75% of South Africans ‘have paid a bribe’

AT least 75% of South Africans who were asked for a bribe ended up paying one, according to a survey conducted by the Ethics Institute of SA (EthicsSA).

The average traffic bribe is around R200, it found, while most bribes were offered in Limpopo province. Professor Deon Rossouw, CEO of EthicsSA, said the 75% figure was worrying.

“Virtually everybody agrees that not enough is being done to combat bribery in the country, but perhaps we should be talking more about people’s individual responsibility not to participate in bribery,” he said in a statement.

The survey, which was conducted on 6 380 respondents in Massmart stores in Gauteng, Durban, Cape Town and Polokwane, conversely found that 25% of people did not pay bribes when asked to do so.

It also found that 26% of respondents knew of someone who had been asked for a bribe in the past year.

Most bribes (36%) were reportedly to avoid traffic offences, followed by bribes for jobs (17%), with unskilled and semi-skilled workers being most vulnerable to bribe requests in order to obtain jobs.

Bribes relating to tenders accounted for seven percent of the responses, while four percent related to getting reduced prices or free goods from businesses.

The most common amount for a bribe was R100, with 55% of all bribes falling below the R1 000 mark. Bribe amounts related to tenders were the highest on average (R103 288), and the lowest average bribe amount was for traffic offences (R219). The survey, which was sponsored by Massmart-Walmart, found that one is most likely to be approached for a bribe in Limpopo (48%).

Bribes are least likely to be solicited in the Western Cape (19%), followed by Gauteng (25%) and KwaZulu-Natal (26%). Rossouw said the findings show that bribery is prevalent in the private sector, despite the widespread view that it primarily affects the public sector.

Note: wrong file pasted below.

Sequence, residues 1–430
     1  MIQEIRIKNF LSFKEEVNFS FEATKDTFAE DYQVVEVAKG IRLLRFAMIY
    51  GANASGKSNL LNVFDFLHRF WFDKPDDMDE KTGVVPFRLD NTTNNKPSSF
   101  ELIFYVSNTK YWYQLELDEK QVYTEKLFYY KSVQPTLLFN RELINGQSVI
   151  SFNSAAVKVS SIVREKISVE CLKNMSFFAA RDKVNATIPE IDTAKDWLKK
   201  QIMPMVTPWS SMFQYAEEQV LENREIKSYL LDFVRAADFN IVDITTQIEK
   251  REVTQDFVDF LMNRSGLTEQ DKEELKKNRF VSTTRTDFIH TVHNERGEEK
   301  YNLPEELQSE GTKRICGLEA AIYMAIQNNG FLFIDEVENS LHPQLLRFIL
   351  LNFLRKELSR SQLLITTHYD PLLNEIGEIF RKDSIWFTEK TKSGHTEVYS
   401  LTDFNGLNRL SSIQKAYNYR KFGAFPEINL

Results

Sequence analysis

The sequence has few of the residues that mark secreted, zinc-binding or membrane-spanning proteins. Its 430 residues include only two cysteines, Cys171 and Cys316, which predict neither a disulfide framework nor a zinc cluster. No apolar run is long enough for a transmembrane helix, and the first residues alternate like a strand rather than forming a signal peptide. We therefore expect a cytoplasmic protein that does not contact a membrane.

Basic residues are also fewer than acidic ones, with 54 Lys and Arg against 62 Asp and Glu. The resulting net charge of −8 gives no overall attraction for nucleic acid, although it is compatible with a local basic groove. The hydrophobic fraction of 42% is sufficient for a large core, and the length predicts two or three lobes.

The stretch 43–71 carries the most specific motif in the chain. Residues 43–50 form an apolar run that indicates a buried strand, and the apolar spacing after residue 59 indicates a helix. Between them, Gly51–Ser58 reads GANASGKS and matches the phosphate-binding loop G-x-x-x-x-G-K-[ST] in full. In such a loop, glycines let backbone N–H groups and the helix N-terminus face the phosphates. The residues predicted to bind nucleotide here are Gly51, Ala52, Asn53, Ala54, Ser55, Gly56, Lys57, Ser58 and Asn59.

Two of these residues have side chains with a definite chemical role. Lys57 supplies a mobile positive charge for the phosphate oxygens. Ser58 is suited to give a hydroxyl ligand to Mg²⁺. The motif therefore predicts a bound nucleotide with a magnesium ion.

“While we expected that bribery for contracts and jobs would be prevalent in the private sector, we were surprised by the extent to which private sector companies are being targeted for bribes to get discounts or free goods,” he said. - News24.

We live in a world where facts and fiction get blurred
In times of uncertainty you need journalism you can trust. For only R75 per month, you have access to a world of in-depth analyses, investigative journalism, top opinions and a range of features. Journalism strengthens democracy. Invest in the future today.
Subscribe to News24
Lockdown For
DAYS
HRS
MINS
Voting Booth
Is social media doing more harm than good?
Please select an option Oops! Something went wrong, please try again later.
Results
Yes, our children are exposed and we can't protect them
49% - 5445 votes
Yes, but social media is part of the new reality
45% - 5009 votes
No, it's great for growing a child's world view
5% - 578 votes
Vote
Rand - Dollar
14.00
+0.3%
Rand - Pound
19.80
+0.2%
Rand - Euro
17.01
+0.2%
Rand - Aus dollar
10.97
+0.2%
Rand - Yen
0.13
+0.2%
Gold
1,837.73
+0.1%
Silver
27.63
+1.2%
Palladium
2,947.04
-0.5%
Platinum
1,240.64
-0.8%
Brent Crude
68.32
+0.1%
Top 40
61,320
-1.7%
All Share
67,241
-1.7%
Resource 10
70,627
-2.1%
Industrial 25
84,184
-1.7%
Financial 15
12,659
-0.6%
All JSE data delayed by at least 15 minutes Iress logo